NFV enables a set of network functions in the physical, or legacy, network to be virtualised by deploying them in software packages – on servers in a data centre for example – that can be linked to create the service supported in the legacy network. This is called 'service chaining’, and it helps reduce hardware deployment costs, while improving the automation and management of the service. In the context of mobile networks, Cloud Radio Access Network (C-RAN) is the main beneficiary: it uses it to virtualise the core network and centralise base-band processing for the RAN. This allows for the deployment of distributed virtual gateways across the network, which help to dynamically manage the traffic generated from the RAN across the backhaul and into the core. 

• A centralised control plane

The deployment of an SDN controller is also critical, as it abstracts the network control logic stored in legacy network elements into a unified software control plane. This enables new classes of network services, traffic routing decisions and upgrades to be dynamically orchestrated from a centralised controller and ultimately supports enhanced routing optimisation across the mobile backhaul. And of course, this helps to improve both on-demand service delivery and customer experience, due to an increase in quality of service.

• Improved mobile backhaul performance

Mobile backhaul networks can only function effectively when high performance network infrastructures are in place, and supported by a flexible management layer. The employment of selective network virtualisation together with dynamic control plane orchestration, can enhance backhaul optimisation, reduce network complexity and provide seamless connectivity to support operator strategies for migration towards 5G. 

Applying this to a business context

If CSPs are to both meet and manage the ever-increasing capacity and service demands of connected society, they must define holistic backhaul strategies that are aligned to their core business models. Here are my key recommendations for CSPs to consider:

• Develop a comprehensive migration roadmap

CSPs must clearly define the incremental strategies they plan to implement to deliver migration in the backhaul that supports the evolution of 3G/4G/LTE towards 5G. These strategies should be tailored to the specific operator’s business model across services, processes, networks and IT.

• Continue to invest in infrastructure 

Fibre is a critical enabler in meeting the capacity, speed and bandwidth demands of next generation services and data. CSPs should not therefore, refrain from investing in infrastructure if the specific case demands it. All things considered, many will continue to employ mixed backhaul technology options (such as fibre, microwave and copper) to suit to their specific business models.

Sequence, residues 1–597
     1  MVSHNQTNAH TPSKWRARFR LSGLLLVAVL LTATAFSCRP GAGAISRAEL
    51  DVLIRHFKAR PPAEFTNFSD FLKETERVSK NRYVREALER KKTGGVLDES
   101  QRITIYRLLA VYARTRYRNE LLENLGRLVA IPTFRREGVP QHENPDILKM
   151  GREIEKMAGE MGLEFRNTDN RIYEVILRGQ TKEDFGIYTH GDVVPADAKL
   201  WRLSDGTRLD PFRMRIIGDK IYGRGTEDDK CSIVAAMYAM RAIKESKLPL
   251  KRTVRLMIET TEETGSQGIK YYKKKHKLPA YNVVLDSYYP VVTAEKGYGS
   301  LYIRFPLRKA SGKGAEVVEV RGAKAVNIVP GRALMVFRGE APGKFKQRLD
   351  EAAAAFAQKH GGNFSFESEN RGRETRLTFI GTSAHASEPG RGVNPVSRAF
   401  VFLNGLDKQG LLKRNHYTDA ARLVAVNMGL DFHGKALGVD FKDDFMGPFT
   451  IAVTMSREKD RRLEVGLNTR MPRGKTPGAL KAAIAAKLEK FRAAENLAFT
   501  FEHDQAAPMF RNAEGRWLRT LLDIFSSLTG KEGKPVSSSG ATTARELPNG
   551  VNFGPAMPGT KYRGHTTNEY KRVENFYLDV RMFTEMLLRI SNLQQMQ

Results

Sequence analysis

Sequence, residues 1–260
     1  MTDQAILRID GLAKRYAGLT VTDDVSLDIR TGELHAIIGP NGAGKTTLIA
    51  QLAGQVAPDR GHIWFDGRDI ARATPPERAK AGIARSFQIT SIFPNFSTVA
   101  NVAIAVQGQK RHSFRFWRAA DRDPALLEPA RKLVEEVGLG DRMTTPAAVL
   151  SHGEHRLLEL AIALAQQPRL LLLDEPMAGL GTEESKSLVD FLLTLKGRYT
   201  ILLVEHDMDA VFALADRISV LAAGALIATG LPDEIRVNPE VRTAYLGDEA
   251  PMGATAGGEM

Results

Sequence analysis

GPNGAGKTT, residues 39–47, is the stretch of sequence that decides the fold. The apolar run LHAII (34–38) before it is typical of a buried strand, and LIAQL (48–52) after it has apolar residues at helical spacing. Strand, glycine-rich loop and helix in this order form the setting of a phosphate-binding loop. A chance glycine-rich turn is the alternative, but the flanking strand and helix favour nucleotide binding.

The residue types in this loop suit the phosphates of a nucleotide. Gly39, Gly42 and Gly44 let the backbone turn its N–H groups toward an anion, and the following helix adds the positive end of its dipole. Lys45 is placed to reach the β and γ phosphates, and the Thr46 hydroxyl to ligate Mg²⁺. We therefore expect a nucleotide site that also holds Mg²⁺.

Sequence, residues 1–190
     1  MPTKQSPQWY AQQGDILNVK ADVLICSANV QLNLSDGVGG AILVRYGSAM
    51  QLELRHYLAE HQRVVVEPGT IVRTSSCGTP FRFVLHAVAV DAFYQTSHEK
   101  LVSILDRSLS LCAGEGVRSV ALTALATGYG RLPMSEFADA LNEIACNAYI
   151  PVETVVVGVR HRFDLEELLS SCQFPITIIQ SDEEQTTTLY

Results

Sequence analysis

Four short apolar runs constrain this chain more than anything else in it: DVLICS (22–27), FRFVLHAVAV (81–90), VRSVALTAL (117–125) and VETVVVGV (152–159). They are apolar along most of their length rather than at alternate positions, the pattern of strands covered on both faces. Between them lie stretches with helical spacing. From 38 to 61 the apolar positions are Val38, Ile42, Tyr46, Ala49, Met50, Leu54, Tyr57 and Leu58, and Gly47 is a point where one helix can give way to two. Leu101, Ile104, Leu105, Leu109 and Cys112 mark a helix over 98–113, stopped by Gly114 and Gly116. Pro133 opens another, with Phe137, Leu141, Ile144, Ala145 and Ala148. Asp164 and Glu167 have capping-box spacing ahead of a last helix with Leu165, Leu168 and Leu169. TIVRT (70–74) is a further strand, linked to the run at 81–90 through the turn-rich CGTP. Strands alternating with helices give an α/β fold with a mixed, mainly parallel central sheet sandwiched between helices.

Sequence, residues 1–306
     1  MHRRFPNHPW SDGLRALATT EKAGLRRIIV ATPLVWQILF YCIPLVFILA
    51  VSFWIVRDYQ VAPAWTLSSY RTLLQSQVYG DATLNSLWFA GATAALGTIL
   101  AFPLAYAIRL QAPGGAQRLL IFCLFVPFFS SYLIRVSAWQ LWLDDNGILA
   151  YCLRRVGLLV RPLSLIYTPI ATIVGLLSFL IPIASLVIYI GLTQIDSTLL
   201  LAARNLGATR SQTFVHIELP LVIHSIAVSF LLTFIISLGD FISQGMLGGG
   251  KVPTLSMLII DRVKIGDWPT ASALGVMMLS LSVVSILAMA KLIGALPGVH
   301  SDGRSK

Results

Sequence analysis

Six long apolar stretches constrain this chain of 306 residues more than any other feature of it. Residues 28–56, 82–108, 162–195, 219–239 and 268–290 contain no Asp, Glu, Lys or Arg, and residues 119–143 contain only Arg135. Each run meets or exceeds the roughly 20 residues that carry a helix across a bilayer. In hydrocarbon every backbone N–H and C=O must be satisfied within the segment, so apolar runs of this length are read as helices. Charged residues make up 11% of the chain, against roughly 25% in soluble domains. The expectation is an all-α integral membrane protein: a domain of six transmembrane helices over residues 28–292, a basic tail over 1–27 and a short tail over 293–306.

• Explore a variety of architecture options

The deployment of crosshaul (x-haul) architectures is critical to successful mobile backhaul transformation, as they help to support cell densification, coverage and enhanced traffic capacity management by providing a unified IP network, which delivers seamless connectivity and quality of service from the core to the edge.

• Embrace the software-defined through SDN & NFV

SDN and NFV represent a viable and robust alternative, should CSPs wish to avoid taking the fibre route. By operating C-RAN with baseband and edge node virtualisation, along with service chaining and dynamic routing techniques, CSPs can increase automation in the backhaul and reduce deployment costs.

• Professionalise operations management

Highly advanced operational support systems (OSS) now exist, which help CSPs to monitor, control, analyse and manage backhaul networks. The rationalisation they provide is critical to delivering effective backhaul performance and guaranteeing capacity and service level management, which in turn improves the quality of service and customer experience.

• Consult strategic partners

To ensure the success of any backhaul transformation strategy, CSPs should be open to partnering with the technology vendors or third-party suppliers. These organisations are experts that can act as deployment or outsourcing partners, and provide consultation on both existing backhaul networks and potential strategies for achieving backhaul transformation.

The connected society is making ever-increasing demands for capacity and services in both personal and professional circles; and as a result, enhancing network capacity in a cost-effective manner is one of the biggest challenges facing CSPs today. By adopting some of these strategies however, CSPs can make this process much easier and provide services that meet and exceed customer expectations.